Ulfelder said he is encouraged by the growing number of Christmas tree vendors who are selling organic, or "certified natural," trees, which are raised without the use of synthetic pesticides or fertilizers. Although people may not immediately think "organic" when it comes to trees, since they don't eat them, there is some evidence that spraying chemicals on trees may be affecting the environment and the health of the workers who tend them.
Like organic produce, however, organic Christmas trees usually cost about 10 percent more than non-organic trees.
"Right now, about one-tenth of the 30 million or so real Christmas trees sold each year are organic or certified-natural," Ulfelder said. "If more were produced, that could drive down the cost over time."
Consumers can also look for locally grown Christmas trees, which decrease the amount of fuel required for shipping, plus associated emissions. Supporting local growing operations can also help support local open space and provide some wildlife habitat.
Another eco-friendly Christmas tree option is to buy a still-living tree, which still has the root ball attached and thus can be replanted.
This option may not be for everyone—especially if you live in an apartment or in an area that is not ideal for the growth of firs or pines—but it can be rewarding, Ulfelder said.
"When I was growing up in North Carolina, after Christmas we would go out and plant the tree," he said. "We did that for a number of years and it was very cool to see those trees continue to grow in the yard."
If you do opt for an artificial tree, try to keep it as long as possible. If you use it for decades, you will actually result in a lower carbon footprint than someone who purchases a natural tree from a conventional outlet year after year. Pass a fake tree down to the next generation, and you'll be spreading even greener cheer.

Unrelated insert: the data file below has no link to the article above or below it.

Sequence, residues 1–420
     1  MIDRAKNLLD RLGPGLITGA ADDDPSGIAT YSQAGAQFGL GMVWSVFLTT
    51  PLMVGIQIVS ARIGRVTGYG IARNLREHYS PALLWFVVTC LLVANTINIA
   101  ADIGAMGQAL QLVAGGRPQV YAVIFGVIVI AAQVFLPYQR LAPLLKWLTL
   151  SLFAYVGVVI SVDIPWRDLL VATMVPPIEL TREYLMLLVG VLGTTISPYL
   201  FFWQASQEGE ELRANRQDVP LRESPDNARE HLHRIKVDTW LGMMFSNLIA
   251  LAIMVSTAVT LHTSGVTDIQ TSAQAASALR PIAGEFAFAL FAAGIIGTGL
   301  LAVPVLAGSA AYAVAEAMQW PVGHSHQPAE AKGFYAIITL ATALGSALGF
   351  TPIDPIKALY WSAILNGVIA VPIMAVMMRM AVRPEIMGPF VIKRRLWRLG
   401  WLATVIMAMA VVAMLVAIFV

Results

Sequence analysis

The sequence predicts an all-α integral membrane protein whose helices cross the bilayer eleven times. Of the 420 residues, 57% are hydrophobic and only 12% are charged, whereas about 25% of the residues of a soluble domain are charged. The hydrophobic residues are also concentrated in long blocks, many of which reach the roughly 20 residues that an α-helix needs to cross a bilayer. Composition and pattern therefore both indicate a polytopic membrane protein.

If you do get a real tree, be sure to recycle it into mulch.
The World's Water
The world's increasing population and development of agricultural land are putting pressure on the Earth's limited freshwater supplies. Find out what's at stake and how you can help.
Learn more about the world's water challenge with photos, stories, videos, and more.
You might be surprised to see how the daily choices you make affect critical watersheds around the world.
Water Currents, by Sandra Postel and Others
Arizona's Verde River gets a boost from an innovative partnership.
Farmers in the Verde River Basin employ new technology to benefit a desert environment.
Funny new viral video series hopes to get people thinking about the importance of water.
Stories From Experts in the Field
National Geographic Fellow Zeb Hogan tells us what needs to happen in order to save the region's giant fish.
Sunita Narain tells us how one remote village is setting an example for the rest of the country—and world.
National Geographic Freshwater Fellow Sandra Postel describes one of the biggest success stories in urban water management.
Special Ad Section
Video of the Day
Tigers are secretive by nature, making it difficult to estimate their populations. See how the Wildlife Conservation Society employs an ingenious solution.